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Why Committment Starts To Look Attractive

Ever since I’ve put up this slightly controversial (and I’ll admit biased and brash) post…actually even before that, I’ve been hit with the question of why I do want committment at all then if it’s such a terrible thing. My reasons may not be all deeply soulful or romantic or even honorable. As I see it, committment (read marriage) is a solution to a number of niggling, nuisance-ey problems.

Sure I enjoy the liberatedness of being liberated, the freedom to decide my own social life, the no-responsibilities carefree lifestyle that my committed friends seem to envy me for. I have written about the virtues of being single.

But there are plenty of things that I don’t like about being single. Being single means a whole lot of things to a whole lot of people (many of whom in my esteemed two-bit opinion shouldn’t poke their nose into my life at all). Here are some reasons I would like to be in a committed relationship.

  • Wives of guy friends do not view you with immediate suspicion assuming that you’re just scheming to steal their man away, never mind that fact that you’ve probably had a chance to do that if you wished much before they even set foot in the man’s life.
  • You are not required to be a last-minute escort (if you’re female) or chauffeur (if you’re male) for out-of-town single friends of friends/family.
  • You don’t get mysteriously dropped out of movie/dinner plans with friends who are all now part of twosomes each.
  • Other women (even your friends) don’t make direct or indirect references to your supposedly exciting, fast-moving sex/dating life.
  • Eyebrows don’t shoot up when you pick up a baby or coo to a child. Who says single women can’t be maternal?
  • You are not automatically put into one of two buckets – repulsive/sick/defective or flightly/fast/sluttish .
  • You aren’t the target of unwanted and embarassing attention from married men of the neighbors/schoolmates/husbands of colleagues/ex-boyfriends variety.
  • You are allowed to have problems too and no one shuts you up with “What do you know? You don’t have to run a household/adjust to a man/kids to look after.”
  • You don’t have to leave parties and social engagements early so as to avoid imposing on friends to drop you home.
  • Your family is willing to let you live your own life.
  • Your personal life and social calendar doesn’t become everyone’s personal property for value judgement – relatives, colleagues, acquaintances, neighbors, co-passangers.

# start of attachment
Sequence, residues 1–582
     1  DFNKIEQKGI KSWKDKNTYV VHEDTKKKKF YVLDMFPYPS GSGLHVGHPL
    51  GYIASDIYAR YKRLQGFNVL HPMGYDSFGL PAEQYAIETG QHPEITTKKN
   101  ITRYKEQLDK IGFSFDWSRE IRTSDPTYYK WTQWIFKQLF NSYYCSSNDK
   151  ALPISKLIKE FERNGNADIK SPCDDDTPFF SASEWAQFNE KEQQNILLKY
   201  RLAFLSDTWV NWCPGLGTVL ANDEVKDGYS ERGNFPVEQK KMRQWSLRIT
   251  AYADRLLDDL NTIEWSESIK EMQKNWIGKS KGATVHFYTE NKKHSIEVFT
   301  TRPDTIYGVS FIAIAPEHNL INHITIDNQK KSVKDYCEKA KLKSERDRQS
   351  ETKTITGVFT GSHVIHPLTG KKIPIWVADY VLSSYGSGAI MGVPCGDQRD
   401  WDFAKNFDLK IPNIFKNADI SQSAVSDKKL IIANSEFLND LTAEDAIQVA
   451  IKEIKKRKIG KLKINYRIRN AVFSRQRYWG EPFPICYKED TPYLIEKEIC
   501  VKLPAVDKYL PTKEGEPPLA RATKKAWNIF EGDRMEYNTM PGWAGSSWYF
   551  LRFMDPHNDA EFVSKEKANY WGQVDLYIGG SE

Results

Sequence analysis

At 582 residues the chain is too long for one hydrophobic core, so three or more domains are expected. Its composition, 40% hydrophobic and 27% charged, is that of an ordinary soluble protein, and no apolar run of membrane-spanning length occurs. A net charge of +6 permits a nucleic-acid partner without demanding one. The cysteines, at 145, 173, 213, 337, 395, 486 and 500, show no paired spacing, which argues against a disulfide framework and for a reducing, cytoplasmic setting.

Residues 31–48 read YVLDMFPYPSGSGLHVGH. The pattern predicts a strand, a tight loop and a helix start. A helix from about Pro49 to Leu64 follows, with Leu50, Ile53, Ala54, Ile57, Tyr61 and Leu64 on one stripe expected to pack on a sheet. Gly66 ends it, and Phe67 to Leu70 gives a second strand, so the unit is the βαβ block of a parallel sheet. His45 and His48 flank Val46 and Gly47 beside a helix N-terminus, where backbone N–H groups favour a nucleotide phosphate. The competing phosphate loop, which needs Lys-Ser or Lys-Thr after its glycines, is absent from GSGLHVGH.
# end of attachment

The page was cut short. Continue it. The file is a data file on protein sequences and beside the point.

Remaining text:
Obviously these are not ALL the reasons to get into a relationship. If anything these are the ‘fringe benefits’ of a relationship that have started to become so important that I’m inclined to think a good number of women would want to commit just so they can enjoy all of these. I’m really tired of having to fight a battle each time I want to do something, simply because I’m single. The same thing seems to move so much faster for women who have an ‘attached’ tag on. Granted social engagements and lifestyle options aren’t the most important things in the world. But that’s precisely why it seems like such a waste to have to go to so much effort for something so minor – or go without.

A relationship has its uses and I’m unabashed in saying that I intend to enjoy all of them fully when I get into one.

The Straight Voice of Gaysi

Another new blogging project. My brief – to be the straight voice of a gay desi blog. I’m excited.

I wonder who the readers will be. Will they be gays and lesbians and if so, will they have any interest in what a straight person thinks of homosexuality? Will they be people like me, straight and opinionated, in which case I’ll essentially be preaching to the converted? Will they be homophobics? And with the last question I recoil immediately. I’ve met with so many of those, especially recently, that I think I’m homophobic-phobic! As homosexuality comes out of its closet in India, so do the homophobics and to me they are no less despicable than fundamentalists opposing something they are afraid of rather than in disagreement with.

Anyway, I tell myself not to agonize (as I’m wont to do always) too much about who’s reading. So I switch to agonizing over what my co-bloggers here think. What does a gay person feel about a straight person? Do they ever find my views presumptuous, considering I am not really in the same experiences as they are? Do they ever resent the fact that my lifestyle choices are more mainstream and enjoy unquestioned acceptance while they have to fight for what (we all believe) is rightfully their choice?

And finally, I must admit I wonder what everyone thinks of me. A friend has taken to calling me a lesbian-magnet since I made the huge mistake of telling him about a time a woman hit on me. I started off thinking I was standing up for my friends’ choices but I find I end up having to defend my own as well. I particularly like what Raghu Ram (producer, audition judge of MTV Roadies, yeah the bald guy) says in HT Cafe today,

We are not strictly pro-homosexuality or pro live-in relationships. We’re pro-choice. And pro-tolerance. I can’t help but notice that intolerance comes from ignorance, and the saddest part is we don’t even try to find out about a subject before forming an opinion or passing a judgment, because it outrages our sense of morality.

I recently spoke to another blogger about Gaysi and he smiled and asked,

Great but why the clarification on the ‘straight’ part?

Awww hell, why does sexuality have to be such a loaded issue carrying so many fears and insecurities? Bleh, at least I’m not going to run short of things to talk about (yup, you guessed it, that was worry no.2 which mercifully gets struck out now). Come join me while I take a walk down this alley.

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